Looking to replace our current balances in our motorhome in a cherrywood fabric. Not like traditional valances you’de put in a house, but the motorhome type balance that is stiff and comes across and down the sides.

    • Ashley Mann 28 March, 2018 at 22:42 Reply

      Have you considered just recovering the ones you have with different fabric? Or is that what you plan on doing?

  4. Katie 5 June, 2018 at 08:53 Reply

    So many great ideas in this post, and thanks for including us! And about that video we shared on removing the RV valances…. yeah so it’s pretty blurry but I hadn’t realized it until AFTER we were finished and it was the last one we had to remove. Woops. That’s what Eric gets for having me as his assistant, haha. At least if you watch is on a small screen it’s not so bad 🙂

  5. Sue Whitmoyer 19 March, 2019 at 16:44 Reply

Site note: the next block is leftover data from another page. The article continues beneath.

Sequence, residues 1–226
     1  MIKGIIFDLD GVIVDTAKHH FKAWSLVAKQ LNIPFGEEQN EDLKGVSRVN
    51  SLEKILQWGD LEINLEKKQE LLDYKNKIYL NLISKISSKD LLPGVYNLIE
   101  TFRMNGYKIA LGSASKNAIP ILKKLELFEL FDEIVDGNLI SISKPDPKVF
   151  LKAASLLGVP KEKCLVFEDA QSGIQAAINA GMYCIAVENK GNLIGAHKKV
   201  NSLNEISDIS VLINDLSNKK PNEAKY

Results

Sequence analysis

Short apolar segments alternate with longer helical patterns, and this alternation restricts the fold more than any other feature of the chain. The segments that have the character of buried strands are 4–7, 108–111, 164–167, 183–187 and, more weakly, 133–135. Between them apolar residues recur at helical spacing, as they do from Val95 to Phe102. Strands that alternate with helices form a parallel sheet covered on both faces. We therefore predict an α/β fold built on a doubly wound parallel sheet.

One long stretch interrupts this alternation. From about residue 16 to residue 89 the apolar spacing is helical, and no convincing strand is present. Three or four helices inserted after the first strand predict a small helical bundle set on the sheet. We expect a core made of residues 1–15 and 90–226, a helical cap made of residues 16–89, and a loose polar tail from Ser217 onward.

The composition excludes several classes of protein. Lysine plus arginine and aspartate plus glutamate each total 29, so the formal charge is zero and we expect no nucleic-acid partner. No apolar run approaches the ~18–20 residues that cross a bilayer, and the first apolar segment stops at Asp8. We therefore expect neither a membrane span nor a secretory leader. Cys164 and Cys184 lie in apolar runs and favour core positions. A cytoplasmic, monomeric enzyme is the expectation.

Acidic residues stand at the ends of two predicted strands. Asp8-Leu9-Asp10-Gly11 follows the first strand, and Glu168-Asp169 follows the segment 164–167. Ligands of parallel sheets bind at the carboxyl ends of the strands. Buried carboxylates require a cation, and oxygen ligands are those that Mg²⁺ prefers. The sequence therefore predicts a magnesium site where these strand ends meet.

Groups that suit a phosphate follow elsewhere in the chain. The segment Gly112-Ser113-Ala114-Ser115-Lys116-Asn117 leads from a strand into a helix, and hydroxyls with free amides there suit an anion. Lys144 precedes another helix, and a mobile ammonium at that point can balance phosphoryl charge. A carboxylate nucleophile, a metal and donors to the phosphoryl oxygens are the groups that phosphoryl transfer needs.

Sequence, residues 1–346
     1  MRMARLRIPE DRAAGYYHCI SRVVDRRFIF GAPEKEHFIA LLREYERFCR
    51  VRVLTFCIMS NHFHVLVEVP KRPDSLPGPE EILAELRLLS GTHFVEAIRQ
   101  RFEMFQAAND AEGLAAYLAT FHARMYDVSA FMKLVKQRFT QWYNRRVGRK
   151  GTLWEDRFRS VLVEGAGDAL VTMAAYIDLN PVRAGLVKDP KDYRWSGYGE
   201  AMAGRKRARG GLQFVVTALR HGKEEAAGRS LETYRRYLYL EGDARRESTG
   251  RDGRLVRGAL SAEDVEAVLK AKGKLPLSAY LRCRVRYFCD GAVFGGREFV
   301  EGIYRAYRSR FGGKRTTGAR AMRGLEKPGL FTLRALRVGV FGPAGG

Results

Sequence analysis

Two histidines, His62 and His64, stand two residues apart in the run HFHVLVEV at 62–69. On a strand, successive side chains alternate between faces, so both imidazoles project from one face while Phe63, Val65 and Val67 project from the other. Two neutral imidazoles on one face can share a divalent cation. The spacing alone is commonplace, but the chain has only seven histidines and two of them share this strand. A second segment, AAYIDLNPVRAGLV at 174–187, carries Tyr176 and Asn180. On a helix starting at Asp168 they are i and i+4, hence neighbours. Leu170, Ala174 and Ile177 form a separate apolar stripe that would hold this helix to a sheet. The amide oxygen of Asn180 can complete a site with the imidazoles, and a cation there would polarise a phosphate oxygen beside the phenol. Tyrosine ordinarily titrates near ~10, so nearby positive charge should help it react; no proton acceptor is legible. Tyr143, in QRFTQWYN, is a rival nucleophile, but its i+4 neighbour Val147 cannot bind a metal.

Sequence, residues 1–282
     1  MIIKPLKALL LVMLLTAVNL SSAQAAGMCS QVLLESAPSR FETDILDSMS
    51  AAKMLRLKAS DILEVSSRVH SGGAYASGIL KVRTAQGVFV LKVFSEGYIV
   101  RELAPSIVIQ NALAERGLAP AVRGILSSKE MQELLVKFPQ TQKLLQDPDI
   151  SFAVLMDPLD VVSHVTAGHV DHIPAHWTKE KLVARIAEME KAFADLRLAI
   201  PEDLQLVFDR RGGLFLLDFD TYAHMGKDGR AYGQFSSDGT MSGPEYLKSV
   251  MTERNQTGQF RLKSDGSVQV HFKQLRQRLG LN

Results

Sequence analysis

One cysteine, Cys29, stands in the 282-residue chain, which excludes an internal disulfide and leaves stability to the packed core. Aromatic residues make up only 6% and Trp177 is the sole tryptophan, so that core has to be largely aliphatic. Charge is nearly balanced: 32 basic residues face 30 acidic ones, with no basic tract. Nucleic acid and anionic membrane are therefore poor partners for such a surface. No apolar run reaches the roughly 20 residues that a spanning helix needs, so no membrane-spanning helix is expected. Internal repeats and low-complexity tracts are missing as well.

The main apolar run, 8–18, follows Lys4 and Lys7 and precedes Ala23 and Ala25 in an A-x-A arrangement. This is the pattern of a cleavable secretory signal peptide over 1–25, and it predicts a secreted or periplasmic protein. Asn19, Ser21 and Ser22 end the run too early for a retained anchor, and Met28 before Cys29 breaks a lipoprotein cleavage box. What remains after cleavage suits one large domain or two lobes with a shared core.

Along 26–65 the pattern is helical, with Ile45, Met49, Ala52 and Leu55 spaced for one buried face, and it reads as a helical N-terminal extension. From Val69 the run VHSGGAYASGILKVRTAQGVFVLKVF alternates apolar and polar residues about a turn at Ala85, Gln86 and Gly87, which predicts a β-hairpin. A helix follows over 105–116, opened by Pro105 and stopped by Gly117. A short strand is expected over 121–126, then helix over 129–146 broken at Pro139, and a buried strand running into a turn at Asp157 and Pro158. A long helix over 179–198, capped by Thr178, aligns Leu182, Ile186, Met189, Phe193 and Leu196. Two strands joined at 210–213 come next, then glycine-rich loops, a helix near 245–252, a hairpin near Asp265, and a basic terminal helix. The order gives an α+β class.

I want to replace the mirrored closet doors in the bedroom to same weight. I thought of using 2 shower curtains but I don’t want things sliding out. Then I thougt of accordion doors. Help.

  6. Michelle 30 June, 2019 at 10:47 Reply

    We bought a 1972 prowler and are just now starting our remodeling. There are so many fantastic ideas on here!! Thank you for sharing!!

  7. Don Glass 10 July, 2019 at 19:45 Reply

    Hi … Not sure this is the right place…. but I’ve been inspired by all I”ve seen here and have started my renovation to my 2004 Tiffin Allegro bus pusher.
    But I don’t know how to get rid of the dinette with the drop down corian table.
    Tried Craigs list but virtually everyone is a scammer. what a waste.
    Any suggestions how to sell it…. It’s in excellent condition.

    • Ashley Mann 11 July, 2019 at 12:42 Reply

      Hi Don, there are a lot of scammers on Craigslist, but there are real people out there too…however it might take some patience to find a buyer there. You could also try the LetGo app. It’s similar to Craigslist but fewer scammers. You could also try calling RV dealers in your area to see if any of them are interested or know of a good way to get rid of it. It could be some RV’s come to them missing the dinette and they may be interested in buying it to add to another motorhome. You could also try looking up RV salvage yards in your area. Lastly you could try the Facebook group called “Second Time Around Resale/Swap Group for Camping Items Only”. Hope one of those ideas helps!